Jenő Rácz played a lot of sports during his childhood. At one competition he ended up finishing in third place, and he can remember that the frustration of not reaching first or even second ended up bringing him to tears. This determination to never settle for anything but the top would motivate him and lead him to achieve things he never would have imagined at that age. In a short film presented by the Friends of Hungary Foundation, he says that while he originally did not know where this ambition would lead, it always kept him wanting success more than his competitors did.
Rácz has travelled to many places around the world. He has tasted and prepared many different types of food. This is why, during the preparations of the menu for his restaurant, the chef emphasized that those who enter and take part in the eleven-course menu are practically travelling with him.
Essentially, the Chef’s Table can provide an experience to guests which extends a direct connection between them and the chefs. We are talking about a very intimate thing, where there is essentially nothing to hide.”
Rácz considers his style to be avant-garde; there are no rules, and he likes to cook without anything binding him. Inspiration comes from many facets in his life.
When I walk past a vegetable, when I smell certain vegetables, when something catches my eye, when I see differently formed shapes. Then the feeling of what I could prepare with that raw material immediately hits me.”
The most important aspect, Rácz says, is that one should operate with a strong understanding of the foundations. “Just like a painter,” he explains, “if they know which color to mix with which and how they can bring that onto the canvass, then from there on out everything comes from the imagination.”
While there have already been Michelin star restaurants in Budapest, Jenő Rácz alone is the first Hungarian to have been awarded a Michelin star abroad. Rácz became the chef of the Taian Table in Shanghai in 2016, which was awarded a Michelin star three months after its opening. Thanks to his leadership, it was able to maintain that title for the next two years.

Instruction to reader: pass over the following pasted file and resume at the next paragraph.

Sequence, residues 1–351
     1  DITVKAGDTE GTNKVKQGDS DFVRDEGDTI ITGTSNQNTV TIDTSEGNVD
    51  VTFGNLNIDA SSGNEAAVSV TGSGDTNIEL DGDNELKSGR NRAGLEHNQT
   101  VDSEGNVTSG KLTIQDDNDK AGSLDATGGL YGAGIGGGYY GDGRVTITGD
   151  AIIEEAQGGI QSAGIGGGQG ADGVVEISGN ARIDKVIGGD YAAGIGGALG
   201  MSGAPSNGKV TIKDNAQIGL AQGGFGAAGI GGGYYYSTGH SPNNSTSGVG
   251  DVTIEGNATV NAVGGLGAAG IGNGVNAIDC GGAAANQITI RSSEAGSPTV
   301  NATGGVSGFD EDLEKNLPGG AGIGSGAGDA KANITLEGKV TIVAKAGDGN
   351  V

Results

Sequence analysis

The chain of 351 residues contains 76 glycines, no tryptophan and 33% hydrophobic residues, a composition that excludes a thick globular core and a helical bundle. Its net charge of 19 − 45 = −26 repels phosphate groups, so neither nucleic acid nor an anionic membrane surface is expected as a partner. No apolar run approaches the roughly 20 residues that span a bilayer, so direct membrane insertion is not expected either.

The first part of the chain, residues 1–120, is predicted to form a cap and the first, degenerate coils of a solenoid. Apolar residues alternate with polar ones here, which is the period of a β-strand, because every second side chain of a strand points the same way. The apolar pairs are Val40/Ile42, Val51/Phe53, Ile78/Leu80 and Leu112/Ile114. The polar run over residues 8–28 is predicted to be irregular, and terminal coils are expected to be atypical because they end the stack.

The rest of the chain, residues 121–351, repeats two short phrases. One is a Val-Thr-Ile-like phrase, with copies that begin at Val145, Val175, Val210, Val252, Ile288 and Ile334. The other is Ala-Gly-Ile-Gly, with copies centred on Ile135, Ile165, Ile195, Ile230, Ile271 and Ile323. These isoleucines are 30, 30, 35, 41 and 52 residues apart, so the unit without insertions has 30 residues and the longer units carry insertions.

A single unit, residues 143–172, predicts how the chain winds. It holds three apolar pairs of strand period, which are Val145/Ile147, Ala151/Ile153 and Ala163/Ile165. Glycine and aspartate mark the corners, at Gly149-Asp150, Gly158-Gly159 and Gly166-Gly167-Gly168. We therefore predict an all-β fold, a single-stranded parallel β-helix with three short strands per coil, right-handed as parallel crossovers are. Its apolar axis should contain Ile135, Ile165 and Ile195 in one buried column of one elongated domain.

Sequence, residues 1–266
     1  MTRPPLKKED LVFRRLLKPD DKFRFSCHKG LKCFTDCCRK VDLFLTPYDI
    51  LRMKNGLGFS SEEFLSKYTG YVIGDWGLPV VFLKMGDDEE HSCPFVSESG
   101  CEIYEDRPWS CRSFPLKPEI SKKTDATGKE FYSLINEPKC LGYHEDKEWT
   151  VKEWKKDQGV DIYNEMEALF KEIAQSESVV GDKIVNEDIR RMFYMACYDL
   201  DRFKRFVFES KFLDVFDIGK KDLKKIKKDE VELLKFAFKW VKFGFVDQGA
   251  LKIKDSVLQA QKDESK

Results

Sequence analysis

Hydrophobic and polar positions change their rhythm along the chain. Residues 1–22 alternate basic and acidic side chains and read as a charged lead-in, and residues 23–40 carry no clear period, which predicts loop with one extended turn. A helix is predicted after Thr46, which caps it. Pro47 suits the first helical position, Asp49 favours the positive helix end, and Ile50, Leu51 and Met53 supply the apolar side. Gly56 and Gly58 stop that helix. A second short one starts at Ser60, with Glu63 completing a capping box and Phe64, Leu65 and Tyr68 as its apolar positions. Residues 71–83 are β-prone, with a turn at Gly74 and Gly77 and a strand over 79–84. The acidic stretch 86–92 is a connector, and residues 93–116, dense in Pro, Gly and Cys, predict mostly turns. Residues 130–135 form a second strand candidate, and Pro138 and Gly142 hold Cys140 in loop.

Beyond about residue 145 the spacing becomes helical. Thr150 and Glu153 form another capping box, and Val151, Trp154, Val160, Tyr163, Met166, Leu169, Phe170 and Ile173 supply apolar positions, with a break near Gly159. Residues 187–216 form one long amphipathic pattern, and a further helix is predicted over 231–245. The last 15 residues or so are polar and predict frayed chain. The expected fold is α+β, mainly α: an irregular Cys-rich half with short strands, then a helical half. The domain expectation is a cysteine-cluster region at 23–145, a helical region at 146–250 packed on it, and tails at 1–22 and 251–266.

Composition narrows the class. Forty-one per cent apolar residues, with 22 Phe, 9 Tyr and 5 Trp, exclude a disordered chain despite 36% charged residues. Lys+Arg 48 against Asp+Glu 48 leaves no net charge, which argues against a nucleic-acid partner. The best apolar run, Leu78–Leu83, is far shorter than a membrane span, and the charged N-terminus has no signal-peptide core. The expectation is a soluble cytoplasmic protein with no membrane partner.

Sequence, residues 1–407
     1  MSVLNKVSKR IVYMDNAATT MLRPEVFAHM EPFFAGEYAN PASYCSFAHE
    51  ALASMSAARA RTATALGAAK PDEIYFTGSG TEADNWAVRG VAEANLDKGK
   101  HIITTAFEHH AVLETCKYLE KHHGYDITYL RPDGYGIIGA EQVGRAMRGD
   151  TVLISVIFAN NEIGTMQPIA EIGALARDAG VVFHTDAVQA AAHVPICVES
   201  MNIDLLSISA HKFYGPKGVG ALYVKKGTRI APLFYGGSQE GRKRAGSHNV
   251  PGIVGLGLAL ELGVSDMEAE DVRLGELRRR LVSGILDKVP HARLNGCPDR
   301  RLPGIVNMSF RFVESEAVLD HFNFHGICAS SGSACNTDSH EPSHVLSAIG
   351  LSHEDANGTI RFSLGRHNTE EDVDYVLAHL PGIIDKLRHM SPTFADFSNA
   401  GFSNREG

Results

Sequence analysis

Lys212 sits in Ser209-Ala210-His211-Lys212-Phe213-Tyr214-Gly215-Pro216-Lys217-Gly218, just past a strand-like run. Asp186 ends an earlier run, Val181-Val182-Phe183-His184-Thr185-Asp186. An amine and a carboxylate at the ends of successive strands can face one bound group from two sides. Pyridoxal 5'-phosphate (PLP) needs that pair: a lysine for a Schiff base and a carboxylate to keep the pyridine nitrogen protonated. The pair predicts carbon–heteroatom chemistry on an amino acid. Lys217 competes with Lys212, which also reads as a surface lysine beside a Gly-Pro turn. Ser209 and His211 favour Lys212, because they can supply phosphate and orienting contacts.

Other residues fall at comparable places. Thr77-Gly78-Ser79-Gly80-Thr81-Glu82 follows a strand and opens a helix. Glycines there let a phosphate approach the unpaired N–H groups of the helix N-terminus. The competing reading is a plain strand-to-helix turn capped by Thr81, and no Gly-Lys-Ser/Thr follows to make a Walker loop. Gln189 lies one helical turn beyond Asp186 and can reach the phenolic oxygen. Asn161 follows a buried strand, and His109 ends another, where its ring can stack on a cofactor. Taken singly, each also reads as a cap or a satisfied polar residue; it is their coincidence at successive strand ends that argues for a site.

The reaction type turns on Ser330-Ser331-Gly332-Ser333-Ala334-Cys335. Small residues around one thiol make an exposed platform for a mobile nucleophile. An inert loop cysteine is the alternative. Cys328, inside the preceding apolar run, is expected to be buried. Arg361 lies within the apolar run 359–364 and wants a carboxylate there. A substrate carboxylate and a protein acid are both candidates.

Things have changed in the modern world, Rácz says, referring the changing atmosphere around the culture of cooking. Nowadays he is meeting young people, five, ten, fifteen years old, who want to become chefs someday. This is excellent in his opinion, since it means an entirely different generation is growing up “which looks at gastronomy as an artform.”
Rácz had won some exceptional experiences during the time he spent abroad. He had left Hungary at the age of 18 and travelled the world for roughly ten years. One of the main things which drew him back home was his dream of starting his own restaurant, as well as the want to start a family.
It is a very said feeling when I cannot spend Christmas with my loved ones, when I cannot celebrate a birthday. This is why I felt that what I can achieve and do abroad I can achieve and do here at home too.”
The Hungarian chef feels that his way of thinking is best explained as bringing the maximum out of the maximum, giving it his all.
I believe a person can do anything, but then they should give it their heart and soul. They can be a photographer, they can build cars, but then they should build the best cars, this is how I think.”
Rumour by Rácz Jenő opened successfully on May 8, it can be found on Petőfi Square 3-5. As promised, it delivers on the chef’s table experience, with space for 21 guests to interact with Rácz and his chefs, and to be present in every step of the gastronomic experience.
“They wanted to send me home from my first training as I was even smaller than the net,” Hungary’s No. 1 tennis player tells the Friends of Hungary Foundation in a short film. Márton Fucsovics quickly adds: “But then the trainer saw that I hit the balls quite well.” That is how the now 29-year-old […]Continue reading